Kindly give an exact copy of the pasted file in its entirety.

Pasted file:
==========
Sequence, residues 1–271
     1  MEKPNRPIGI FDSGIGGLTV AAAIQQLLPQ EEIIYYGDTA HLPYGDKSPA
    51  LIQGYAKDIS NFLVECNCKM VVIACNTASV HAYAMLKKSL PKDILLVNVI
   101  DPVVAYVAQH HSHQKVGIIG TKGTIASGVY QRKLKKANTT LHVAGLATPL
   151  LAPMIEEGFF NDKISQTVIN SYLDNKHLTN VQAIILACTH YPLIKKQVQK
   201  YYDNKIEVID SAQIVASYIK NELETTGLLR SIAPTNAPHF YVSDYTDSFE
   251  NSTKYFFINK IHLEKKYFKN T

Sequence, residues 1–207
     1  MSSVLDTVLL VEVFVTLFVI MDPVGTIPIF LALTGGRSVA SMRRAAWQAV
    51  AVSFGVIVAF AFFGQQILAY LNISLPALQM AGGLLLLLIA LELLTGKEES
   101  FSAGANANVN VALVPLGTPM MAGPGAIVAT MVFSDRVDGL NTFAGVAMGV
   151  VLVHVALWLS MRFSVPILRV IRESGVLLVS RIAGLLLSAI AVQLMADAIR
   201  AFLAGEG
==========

Sequence, residues 1–271
     1  MEKPNRPIGI FDSGIGGLTV AAAIQQLLPQ EEIIYYGDTA HLPYGDKSPA
    51  LIQGYAKDIS NFLVECNCKM VVIACNTASV HAYAMLKKSL PKDILLVNVI
   101  DPVVAYVAQH HSHQKVGIIG TKGTIASGVY QRKLKKANTT LHVAGLATPL
   151  LAPMIEEGFF NDKISQTVIN SYLDNKHLTN VQAIILACTH YPLIKKQVQK
   201  YYDNKIEVID SAQIVASYIK NELETTGLLR SIAPTNAPHF YVSDYTDSFE
   251  NSTKYFFINK IHLEKKYFKN T

Sequence, residues 1–207
     1  MSSVLDTVLL VEVFVTLFVI MDPVGTIPIF LALTGGRSVA SMRRAAWQAV
    51  AVSFGVIVAF AFFGQQILAY LNISLPALQM AGGLLLLLIA LELLTGKEES
   101  FSAGANANVN VALVPLGTPM MAGPGAIVAT MVFSDRVDGL NTFAGVAMGV
   151  VLVHVALWLS MRFSVPILRV IRESGVLLVS RIAGLLLSAI AVQLMADAIR
   201  AFLAGEG